“My favorite part of the ceremony was the parade,” Buford says. “It really felt much like when you leave the church and are celebrating.”
Celebrating with the Renaissance Festival community and their closest friends gave Buford and Lewis the energy of a large wedding with the intimacy of a small ceremony. “I think that’s why people like to have a big ceremony. It’s a statement to the community,” Buford says. “We kind of had the best of both worlds.”
An intimate occasion
Smaller, more intimate guest lists are a trend for second weddings. According to, “Smaller, intimate weddings are definitely the norm for second-time couples walking down the aisle. The receptions are different too, simple dinner parties or cocktail receptions are preferred over full-blown affairs.”
Henderson says she’s had brides who choose to have a big wedding the second time around but most opt for a smaller one.
Deciding where to cut off the guest list can be a challenge for any bride. Henderson says she works with her brides to ensure the guest list reflects the people who are most important to the couple. She tells brides and grooms to the think about the people who have been a part of their lives since they have been a couple. The need to invite the long list of high-school friends and sorority sisters might not be as necessary for a second wedding. 
Aimee says she and Steve limited their guest list to family and their closest friends. “It was just kind of like a big family dinner and it was very laid-back.”
Buford says a few close friends joined them for their ceremony at the Renaissance Festival. “The people that we cared about and really supported us were there.”
A unique, special day
While many second weddings share common themes like smaller guest lists and low-key receptions, each wedding is as unique as the bride who plans it, Henderson says. “I always ask my bride the three most important things for her on her wedding day.”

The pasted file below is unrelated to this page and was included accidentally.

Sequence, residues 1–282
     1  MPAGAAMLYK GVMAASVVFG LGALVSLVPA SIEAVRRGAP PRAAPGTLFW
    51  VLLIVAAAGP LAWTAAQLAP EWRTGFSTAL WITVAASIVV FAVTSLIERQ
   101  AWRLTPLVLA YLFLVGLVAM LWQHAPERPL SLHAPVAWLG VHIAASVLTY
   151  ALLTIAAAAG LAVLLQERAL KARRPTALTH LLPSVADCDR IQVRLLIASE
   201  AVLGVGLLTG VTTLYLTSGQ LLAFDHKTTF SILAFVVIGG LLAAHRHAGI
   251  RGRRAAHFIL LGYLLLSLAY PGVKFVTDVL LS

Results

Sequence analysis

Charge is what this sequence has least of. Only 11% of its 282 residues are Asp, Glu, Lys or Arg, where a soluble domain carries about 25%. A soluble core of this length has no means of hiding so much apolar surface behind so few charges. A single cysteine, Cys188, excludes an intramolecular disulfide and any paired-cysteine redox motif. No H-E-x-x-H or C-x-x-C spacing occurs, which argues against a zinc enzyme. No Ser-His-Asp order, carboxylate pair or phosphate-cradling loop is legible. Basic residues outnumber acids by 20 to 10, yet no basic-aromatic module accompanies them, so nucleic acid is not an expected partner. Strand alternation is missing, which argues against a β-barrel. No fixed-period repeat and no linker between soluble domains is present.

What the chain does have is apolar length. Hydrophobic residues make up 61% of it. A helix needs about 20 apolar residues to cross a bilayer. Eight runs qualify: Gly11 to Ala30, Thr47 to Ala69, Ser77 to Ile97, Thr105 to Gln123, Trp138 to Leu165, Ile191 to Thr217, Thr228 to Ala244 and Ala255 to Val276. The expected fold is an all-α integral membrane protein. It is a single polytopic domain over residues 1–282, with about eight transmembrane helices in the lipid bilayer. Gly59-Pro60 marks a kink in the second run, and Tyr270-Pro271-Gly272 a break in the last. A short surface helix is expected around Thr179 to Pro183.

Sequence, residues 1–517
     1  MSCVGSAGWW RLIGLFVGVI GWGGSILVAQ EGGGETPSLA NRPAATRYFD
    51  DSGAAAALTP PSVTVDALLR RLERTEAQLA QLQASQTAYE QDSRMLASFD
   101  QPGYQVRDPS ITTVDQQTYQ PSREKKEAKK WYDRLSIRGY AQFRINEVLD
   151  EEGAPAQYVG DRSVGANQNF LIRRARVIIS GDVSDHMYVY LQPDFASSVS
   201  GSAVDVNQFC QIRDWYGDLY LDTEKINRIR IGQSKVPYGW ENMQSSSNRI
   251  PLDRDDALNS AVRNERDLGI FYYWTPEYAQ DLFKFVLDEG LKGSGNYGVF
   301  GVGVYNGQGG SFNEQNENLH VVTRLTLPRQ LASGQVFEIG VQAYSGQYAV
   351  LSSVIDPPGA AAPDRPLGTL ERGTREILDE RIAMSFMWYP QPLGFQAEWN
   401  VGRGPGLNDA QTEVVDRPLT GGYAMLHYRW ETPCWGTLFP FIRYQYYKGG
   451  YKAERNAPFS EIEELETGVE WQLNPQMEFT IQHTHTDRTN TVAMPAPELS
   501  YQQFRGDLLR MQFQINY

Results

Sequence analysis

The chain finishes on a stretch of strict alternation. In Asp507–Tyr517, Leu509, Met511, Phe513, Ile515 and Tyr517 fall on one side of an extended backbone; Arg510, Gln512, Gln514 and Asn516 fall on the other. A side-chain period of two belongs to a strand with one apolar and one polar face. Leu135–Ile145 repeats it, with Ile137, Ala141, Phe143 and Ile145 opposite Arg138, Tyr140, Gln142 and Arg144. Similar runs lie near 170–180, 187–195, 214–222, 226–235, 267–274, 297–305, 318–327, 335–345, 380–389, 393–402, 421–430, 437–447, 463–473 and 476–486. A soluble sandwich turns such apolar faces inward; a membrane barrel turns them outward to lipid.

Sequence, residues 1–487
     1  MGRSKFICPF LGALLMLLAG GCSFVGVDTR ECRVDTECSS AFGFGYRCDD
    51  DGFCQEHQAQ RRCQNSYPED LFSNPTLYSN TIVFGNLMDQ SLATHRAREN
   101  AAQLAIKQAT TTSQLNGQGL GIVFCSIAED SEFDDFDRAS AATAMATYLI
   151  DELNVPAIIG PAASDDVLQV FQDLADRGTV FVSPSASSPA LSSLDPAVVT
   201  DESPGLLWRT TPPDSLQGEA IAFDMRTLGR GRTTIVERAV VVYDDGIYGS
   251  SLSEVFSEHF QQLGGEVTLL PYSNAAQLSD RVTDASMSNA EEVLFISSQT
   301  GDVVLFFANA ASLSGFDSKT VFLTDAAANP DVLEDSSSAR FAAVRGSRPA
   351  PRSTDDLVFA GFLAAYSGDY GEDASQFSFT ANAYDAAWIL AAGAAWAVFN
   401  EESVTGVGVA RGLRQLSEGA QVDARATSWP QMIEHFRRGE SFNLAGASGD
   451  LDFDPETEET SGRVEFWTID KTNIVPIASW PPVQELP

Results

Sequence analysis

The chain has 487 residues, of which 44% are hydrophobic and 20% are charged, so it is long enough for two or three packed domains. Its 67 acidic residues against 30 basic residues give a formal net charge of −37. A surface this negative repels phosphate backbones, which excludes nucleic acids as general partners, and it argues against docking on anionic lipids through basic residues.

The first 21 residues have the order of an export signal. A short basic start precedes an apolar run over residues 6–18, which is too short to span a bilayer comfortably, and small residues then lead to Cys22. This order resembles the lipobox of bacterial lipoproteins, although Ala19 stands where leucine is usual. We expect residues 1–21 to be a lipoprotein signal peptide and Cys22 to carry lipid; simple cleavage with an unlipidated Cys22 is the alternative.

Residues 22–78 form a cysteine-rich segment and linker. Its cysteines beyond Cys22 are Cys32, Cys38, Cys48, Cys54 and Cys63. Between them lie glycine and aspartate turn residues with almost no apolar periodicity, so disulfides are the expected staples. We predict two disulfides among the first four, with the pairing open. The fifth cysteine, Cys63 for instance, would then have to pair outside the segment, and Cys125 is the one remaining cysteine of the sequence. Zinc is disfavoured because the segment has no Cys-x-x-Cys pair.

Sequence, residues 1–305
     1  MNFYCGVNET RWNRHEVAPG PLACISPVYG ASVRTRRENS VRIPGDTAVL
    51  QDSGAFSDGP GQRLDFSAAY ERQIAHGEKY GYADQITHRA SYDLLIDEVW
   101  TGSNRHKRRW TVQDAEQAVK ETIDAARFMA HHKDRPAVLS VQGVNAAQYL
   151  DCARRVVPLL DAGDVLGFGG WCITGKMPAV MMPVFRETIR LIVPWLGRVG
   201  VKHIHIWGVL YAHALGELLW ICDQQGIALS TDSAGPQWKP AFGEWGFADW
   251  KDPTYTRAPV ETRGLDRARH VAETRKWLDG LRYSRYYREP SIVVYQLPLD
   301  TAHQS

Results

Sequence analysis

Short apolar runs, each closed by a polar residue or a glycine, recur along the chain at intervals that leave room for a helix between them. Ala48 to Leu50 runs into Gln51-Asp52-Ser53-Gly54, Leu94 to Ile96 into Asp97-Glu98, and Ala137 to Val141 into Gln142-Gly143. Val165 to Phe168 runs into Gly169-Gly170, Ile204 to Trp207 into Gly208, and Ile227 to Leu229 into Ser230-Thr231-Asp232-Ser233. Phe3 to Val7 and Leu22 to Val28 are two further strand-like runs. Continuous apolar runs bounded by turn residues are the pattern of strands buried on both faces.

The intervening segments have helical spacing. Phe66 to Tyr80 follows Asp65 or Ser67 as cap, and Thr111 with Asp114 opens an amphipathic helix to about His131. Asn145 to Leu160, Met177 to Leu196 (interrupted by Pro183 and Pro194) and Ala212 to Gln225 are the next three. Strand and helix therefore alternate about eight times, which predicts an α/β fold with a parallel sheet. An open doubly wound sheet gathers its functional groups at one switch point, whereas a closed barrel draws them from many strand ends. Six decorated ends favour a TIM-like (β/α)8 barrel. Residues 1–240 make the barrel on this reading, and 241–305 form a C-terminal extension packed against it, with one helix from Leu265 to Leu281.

Henderson works with her brides to make their big day special. She says a wedding is a big occasion, whether it’s the first or second time around.
And brides can throw out any rules they may have heard about second weddings. Want to wear a white princess dress? Go for it. Want to register for gifts? Start making your list. Want to have a destination beach wedding? Book your flights.
According to, the old rules for second weddings no longer apply. “Wedding rules for encore brides have changed. Second weddings tend to be smaller than first weddings — and oftentimes, they’re more personalized. Couples marrying for the second time are old enough to know exactly what they want. Many of them have done the big wedding thing, and prefer to celebrate with only close friends and family.”
Aimee says the second time around she didn’t feel the need to wear a wedding gown. Instead, she chose an elegant, white formal dress to wear for the ceremony. “I didn’t want to wear a wedding dress again. I’d already done that.”
For Buford’s second wedding, she wore a tailor-fit Renaissance costume. She says the focus was on marrying the person she wanted to share her life with. More than eight years later, Buford says she and Lewis can’t wait to take their 7-month-old son Jonah Buford-Lewis to the Renaissance Festival to show him where mommy and daddy got married.
“We don’t always go every year, but when we do, we celebrate,” she says.
Aimee’s best advice for encore brides is to make sure the groom-to-be is “the one.”
“The most important part is that you are marrying the person that you want to spend the rest of your life with,” she says. “It’s OK if you decide not to get married, too.”